Take the 2-minute tour ×
Physics Stack Exchange is a question and answer site for active researchers, academics and students of physics. It's 100% free, no registration required.

I have a question about a circuit that I made in class!

So, we had a circuit with 2 resistors, one of $R_1 = 330 \Omega$ and one of $R_2 = 470 \Omega$. The tension applied to the circuit should be $10V$ but we applied $9.99V(V_f)$. When measuring the resistances with a multimeter the value for the $R_1$ was $328 \Omega$ and for the $R_2$ was $470 \Omega$. The value for both $R_1$ and $R_2$ in series was $R_1 + R_2 = 799 \Omega$.

The tension measured in $R_1$ was $4.02V(V_{r1})$ and in $R_2$ was $5.74V(V_{r2})$

The intensity of the current ($I$) was $12.34 mA$

With that said, we were asked to calculate $R_1$, $R_2$ and $R_1+R_2$ theoretically using the values of $V_{r1}$, $V_{r2}$ and $V_f$.

I used Ohm Law: $R = \frac VI$

$R_1 = 326 \Omega$ and $R_2 = 465 \Omega$

My question is: should be $R_1+R_2$ be calculate using $V_f (9.99/0.01234)$ as it was asked or calculating an equivalent resistance? By the first method the result is $810$ and be the second is $791$. The ammeter's resistance is $11 \Omega$ at the used scale $(20mA)$.

I'm asking cause I found it weird that $810$ is bigger than $799$(experimental value) given that the experimental should be bigger because of ammeter's resistance.

Sorry if the question is dumb, but I'm not a Physics student though I attend Physics classes.

share|improve this question
    
Are you using measured values of R1 and R2 to calculate the total resistance? –  mcodesmart Oct 9 '13 at 0:51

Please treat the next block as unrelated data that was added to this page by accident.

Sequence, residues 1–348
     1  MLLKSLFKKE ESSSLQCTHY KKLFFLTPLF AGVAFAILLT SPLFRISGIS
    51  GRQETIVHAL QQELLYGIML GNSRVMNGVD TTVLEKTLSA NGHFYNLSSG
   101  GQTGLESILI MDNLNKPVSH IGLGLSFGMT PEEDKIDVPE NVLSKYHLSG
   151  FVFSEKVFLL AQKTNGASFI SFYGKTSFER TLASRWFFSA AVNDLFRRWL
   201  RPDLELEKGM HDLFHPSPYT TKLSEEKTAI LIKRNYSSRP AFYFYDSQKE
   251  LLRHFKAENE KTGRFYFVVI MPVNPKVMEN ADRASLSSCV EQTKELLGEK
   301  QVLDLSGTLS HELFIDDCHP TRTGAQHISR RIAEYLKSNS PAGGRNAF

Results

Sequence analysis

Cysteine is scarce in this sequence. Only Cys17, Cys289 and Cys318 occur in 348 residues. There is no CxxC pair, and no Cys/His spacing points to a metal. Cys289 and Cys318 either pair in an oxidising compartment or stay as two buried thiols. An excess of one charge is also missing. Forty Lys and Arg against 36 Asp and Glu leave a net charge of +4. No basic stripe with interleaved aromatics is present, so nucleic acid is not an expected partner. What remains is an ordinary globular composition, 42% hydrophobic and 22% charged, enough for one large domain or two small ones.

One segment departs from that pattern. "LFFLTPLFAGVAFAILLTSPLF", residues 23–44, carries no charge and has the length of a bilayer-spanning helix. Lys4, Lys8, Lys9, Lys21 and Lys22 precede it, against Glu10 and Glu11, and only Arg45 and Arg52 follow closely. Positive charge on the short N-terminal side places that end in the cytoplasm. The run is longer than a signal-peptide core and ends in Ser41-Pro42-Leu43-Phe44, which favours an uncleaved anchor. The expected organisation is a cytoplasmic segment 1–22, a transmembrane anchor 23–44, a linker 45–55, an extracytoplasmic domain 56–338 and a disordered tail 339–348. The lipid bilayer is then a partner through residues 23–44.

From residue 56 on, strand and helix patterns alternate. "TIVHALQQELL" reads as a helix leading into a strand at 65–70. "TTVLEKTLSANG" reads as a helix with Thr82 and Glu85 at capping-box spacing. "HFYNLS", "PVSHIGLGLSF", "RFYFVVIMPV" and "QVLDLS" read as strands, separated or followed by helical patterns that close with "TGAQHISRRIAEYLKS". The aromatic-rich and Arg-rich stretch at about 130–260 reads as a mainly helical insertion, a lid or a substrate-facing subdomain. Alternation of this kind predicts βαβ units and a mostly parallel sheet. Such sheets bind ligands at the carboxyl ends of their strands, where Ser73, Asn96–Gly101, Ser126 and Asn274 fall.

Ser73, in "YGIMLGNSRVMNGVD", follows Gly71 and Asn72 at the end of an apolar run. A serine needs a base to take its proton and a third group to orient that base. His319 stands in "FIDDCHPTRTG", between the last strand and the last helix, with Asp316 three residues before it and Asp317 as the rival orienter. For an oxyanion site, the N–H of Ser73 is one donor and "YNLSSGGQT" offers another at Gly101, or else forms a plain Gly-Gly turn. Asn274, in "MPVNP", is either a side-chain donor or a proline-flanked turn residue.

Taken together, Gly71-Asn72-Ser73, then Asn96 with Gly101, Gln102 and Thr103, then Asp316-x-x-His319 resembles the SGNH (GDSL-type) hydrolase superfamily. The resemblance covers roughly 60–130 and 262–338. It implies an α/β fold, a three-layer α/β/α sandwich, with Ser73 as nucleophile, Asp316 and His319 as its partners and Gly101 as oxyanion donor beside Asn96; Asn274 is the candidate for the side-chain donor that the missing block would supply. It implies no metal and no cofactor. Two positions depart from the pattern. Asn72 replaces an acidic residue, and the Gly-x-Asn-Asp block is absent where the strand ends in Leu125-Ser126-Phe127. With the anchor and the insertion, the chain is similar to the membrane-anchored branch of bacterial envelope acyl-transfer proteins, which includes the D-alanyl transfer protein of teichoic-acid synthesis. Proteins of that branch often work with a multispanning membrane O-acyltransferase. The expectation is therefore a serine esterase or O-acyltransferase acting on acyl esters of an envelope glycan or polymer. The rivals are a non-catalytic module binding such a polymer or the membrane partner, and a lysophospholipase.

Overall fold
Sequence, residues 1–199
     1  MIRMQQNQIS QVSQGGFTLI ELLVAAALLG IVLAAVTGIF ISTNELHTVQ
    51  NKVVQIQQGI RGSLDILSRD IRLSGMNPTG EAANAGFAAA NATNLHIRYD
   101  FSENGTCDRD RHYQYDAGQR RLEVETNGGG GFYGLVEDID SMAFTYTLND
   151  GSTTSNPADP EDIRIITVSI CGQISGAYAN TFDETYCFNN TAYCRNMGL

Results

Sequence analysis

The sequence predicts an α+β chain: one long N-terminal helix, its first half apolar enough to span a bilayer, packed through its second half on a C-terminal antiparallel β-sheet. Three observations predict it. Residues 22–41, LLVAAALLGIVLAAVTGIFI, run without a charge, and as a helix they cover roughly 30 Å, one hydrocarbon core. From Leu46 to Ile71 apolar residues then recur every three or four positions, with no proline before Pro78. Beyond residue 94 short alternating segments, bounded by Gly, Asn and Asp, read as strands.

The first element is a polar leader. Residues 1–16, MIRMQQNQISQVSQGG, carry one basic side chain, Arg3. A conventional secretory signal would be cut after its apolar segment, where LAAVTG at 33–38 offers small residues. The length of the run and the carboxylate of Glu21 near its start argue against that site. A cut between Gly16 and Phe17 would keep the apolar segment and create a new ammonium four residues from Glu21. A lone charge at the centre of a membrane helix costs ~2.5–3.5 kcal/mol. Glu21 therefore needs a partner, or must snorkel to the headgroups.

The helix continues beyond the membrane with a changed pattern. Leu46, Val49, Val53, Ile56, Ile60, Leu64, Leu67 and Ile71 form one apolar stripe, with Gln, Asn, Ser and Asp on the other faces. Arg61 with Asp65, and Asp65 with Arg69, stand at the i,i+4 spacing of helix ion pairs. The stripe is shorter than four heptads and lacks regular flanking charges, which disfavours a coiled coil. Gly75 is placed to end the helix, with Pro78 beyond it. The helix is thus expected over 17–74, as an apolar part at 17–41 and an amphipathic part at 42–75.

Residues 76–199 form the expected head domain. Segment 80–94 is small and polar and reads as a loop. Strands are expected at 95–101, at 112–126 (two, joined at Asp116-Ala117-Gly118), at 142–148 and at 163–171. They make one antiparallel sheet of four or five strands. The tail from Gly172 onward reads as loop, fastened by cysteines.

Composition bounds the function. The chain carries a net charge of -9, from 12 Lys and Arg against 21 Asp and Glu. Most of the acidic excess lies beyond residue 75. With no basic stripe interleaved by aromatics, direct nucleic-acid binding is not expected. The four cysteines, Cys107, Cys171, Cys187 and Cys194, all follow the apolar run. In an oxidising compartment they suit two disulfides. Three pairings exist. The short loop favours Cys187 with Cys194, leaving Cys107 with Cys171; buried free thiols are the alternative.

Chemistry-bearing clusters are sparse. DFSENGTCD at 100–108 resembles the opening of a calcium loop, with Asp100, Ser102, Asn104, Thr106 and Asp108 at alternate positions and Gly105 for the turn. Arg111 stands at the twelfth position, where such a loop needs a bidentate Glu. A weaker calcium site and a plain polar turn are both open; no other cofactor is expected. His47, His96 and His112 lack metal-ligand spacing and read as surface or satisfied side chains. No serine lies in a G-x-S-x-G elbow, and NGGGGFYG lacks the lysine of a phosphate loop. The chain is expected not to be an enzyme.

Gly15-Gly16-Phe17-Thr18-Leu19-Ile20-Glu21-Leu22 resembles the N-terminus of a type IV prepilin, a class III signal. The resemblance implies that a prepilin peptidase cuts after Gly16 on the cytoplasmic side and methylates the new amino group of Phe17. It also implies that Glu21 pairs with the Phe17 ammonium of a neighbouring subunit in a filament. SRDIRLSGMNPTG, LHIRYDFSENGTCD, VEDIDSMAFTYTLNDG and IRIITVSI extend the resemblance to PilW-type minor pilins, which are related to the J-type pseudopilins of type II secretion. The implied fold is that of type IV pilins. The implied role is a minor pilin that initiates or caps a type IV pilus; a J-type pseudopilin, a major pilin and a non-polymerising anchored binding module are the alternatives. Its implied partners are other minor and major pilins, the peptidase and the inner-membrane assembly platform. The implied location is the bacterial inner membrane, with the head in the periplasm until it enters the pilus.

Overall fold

You mean the equivalent resistance I asked about? I used the values calculated with Ohm Law which is: R1 = 4,02 / (12,34 x 10^-3) and R2 = 5,74 / (12,34 x 10^-3) –  ipg24 Oct 9 '13 at 0:54
    
So yeah measured values :) –  ipg24 Oct 9 '13 at 1:37

1 Answer 1

up vote 0 down vote accepted

If you compute the relative error in that measurement:

$\frac{| R_{exp}-R_{theory}|}{/R_{theory}}=\frac{|810-799| \Omega}{799 \Omega}=1.3\%$ error

Resistor have an inherent amount of error in them, because of how they are made, or environmental conditions at the time of use. Assuming you were using pretty common components each of your resistor most likely had a 15-20\% built in error. (the error rating should be the final band on the resistor). Clearly your measured value and the theoretical value are in accord.

Also, when computing measured value for electronics measurements, you want to measure the resistance of each component independent of the circuit.

share|improve this answer
    
Ohh I did measure them independent of the circuit, the values I presented for the resistors (R1 = 328 and R2 = 470) were measured before putting them on the circuit :) The last band presents a 5% error rating which gives R1 a 16,5 error. But the error in the measure is 1. Its inside the boundaries specified by the "producer". –  ipg24 Oct 9 '13 at 1:58
    
Thanks for your answer, just one thing I don't understand if R = R1 + R2 + R.ampere, why isn't the experimental value of R1+R2 which includes R.ampere (799) less than the theorical value which is supposed not to contain R.ampere, independant of the error ratings? –  ipg24 Oct 9 '13 at 2:00

Your Answer

 
discard

By posting your answer, you agree to the privacy policy and terms of service.

Not the answer you're looking for? Browse other questions tagged or ask your own question.